When silent meditation in the grass explodes with a giggly roll downhill, just laugh along. According to Healy, movements like rocking and rolling stimulate the cerebellum, the part of the brain that “interacts with higher, frontal levels in the brain for cognitive skills.”
Healy says that the cerebellum goes through a significant period of growth from birth to age 2 and continues to grow and change through adolescence. “The fact that most kids love to spin and hang by their knees — and most adults don’t — is one more evidence that the brain tends to seek out the activities that it needs at different periods of development.”
Encourage free-range roaming as much as possible. Healy says experimental rats raised in enriched cages have bigger and heavier cortical tissue than rats raised with little stimulation. But rats that live in the natural environment, and which therefore face the natural challenges of life in the woods, have the biggest brains of them all.
Resist the urge to speed along with a stroller. Unlock those straps, slow down and let your baby enjoy toddling to what interests her. Your little one will be marching toward a future of higher math and reading comprehension scores as she navigates the world around her.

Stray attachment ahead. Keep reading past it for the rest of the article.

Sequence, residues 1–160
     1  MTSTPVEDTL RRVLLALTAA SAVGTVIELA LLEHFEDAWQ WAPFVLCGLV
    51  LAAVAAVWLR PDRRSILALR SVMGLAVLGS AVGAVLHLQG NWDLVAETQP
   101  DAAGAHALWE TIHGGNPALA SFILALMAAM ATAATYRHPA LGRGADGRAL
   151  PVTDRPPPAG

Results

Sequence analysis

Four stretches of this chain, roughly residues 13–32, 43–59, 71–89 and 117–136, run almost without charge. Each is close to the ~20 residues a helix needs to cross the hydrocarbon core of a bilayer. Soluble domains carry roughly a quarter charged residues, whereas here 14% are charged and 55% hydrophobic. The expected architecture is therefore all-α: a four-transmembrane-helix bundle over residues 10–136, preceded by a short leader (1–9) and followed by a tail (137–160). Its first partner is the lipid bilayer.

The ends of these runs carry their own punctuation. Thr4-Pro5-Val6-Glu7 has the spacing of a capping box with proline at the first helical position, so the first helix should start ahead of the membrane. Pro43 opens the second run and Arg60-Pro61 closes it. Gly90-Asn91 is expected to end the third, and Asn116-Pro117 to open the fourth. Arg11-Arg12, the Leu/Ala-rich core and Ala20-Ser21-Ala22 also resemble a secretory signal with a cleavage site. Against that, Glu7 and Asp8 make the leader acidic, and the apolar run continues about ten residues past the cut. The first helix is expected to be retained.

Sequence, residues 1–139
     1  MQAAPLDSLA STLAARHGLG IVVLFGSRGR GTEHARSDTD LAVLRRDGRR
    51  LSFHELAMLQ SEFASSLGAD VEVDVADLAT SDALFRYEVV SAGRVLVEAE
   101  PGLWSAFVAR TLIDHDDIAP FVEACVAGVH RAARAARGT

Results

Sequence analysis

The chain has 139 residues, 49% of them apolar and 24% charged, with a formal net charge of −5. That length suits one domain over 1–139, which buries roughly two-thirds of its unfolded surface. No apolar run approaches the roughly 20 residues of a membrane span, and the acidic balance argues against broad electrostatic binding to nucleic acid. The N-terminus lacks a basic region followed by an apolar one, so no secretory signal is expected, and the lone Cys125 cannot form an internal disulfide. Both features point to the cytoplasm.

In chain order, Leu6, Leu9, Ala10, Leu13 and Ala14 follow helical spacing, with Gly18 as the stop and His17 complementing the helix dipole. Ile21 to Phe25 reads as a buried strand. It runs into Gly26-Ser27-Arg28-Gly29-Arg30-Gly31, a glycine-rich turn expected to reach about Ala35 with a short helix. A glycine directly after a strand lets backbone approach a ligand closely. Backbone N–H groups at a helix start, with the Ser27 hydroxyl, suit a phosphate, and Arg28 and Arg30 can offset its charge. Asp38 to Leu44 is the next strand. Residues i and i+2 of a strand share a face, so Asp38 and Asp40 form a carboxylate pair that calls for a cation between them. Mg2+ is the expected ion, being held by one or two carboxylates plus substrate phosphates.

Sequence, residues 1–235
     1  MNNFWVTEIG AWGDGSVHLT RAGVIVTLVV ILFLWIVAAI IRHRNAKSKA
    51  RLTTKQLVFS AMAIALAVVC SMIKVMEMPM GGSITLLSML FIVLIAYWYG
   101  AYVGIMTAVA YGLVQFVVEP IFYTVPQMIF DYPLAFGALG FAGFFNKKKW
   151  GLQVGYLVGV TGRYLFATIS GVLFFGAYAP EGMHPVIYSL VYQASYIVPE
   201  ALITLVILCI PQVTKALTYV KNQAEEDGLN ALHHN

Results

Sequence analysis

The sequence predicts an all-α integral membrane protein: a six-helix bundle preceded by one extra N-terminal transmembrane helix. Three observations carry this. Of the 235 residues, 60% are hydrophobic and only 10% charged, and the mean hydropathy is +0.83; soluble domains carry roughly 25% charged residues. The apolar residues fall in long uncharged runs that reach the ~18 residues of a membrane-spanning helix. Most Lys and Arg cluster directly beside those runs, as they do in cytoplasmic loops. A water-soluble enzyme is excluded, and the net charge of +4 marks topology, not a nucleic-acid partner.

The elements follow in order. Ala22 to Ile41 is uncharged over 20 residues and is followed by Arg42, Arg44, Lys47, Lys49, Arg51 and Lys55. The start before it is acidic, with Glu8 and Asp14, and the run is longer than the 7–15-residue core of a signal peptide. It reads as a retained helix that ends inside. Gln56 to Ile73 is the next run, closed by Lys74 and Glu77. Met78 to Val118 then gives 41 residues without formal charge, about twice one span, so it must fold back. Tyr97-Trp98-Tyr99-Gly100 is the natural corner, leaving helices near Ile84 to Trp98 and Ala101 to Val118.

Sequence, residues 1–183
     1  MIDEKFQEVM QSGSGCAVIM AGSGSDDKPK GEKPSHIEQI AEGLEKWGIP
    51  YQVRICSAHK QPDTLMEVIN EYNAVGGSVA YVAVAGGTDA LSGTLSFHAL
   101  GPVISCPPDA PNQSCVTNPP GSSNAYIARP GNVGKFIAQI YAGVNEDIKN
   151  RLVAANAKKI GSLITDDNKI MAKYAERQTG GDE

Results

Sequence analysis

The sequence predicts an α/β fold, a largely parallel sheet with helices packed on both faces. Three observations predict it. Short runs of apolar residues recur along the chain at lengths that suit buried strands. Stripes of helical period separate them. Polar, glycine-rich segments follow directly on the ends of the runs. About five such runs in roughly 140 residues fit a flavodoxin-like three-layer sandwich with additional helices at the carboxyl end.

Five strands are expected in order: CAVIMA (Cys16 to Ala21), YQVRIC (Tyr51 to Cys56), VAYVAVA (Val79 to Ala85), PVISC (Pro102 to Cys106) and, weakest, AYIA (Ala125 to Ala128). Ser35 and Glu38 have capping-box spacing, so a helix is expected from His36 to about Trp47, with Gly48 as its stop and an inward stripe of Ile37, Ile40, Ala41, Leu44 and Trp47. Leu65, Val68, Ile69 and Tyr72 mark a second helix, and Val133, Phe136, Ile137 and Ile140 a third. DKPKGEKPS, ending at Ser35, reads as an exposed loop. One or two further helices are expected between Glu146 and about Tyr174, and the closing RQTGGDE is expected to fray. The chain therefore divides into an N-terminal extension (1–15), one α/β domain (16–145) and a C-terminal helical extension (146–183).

Big kids and teens also require free play to stimulate the brain. Make sure they go digging for clams, chasing fireflies, running back and forth with the waves in Ocean City. According to a January 2012 article published in the Journal of the American Medical Association, in pediatrics “there is a strong belief that regular participation in physical activity is linked to enhancement of brain function and cognition, thereby positively influencing academic performance.”
Chasing bubbles by day and fireflies at dusk is enough to exhaust anyone. When your kids (and you!) need quiet time this summer, resist the temptation to spend money on baby genius apps or school-age educational DVDs. Some media products marketed as learning tools can actually reduce a toddler’s vocabulary, according to John Medina, author of “Brain Rules for Baby,” and big kids with TVs in their bedrooms scored an average of eight points lower on language arts and math tests than kids with no TV where they sleep.
The American Academy of Pediatrics suggests absolutely no screen time up to age 2 — that includes phones, tablets, and laptops, as well as good old-fashioned TV. Experts such as Healy encourage parents of preschoolers over age 2 to “limit TV, movies, and video and computer games to one to two hours a day (or less, or even none) of educational, nonviolent content.” Your young one will become a better thinker if you keep media away from her growing mind.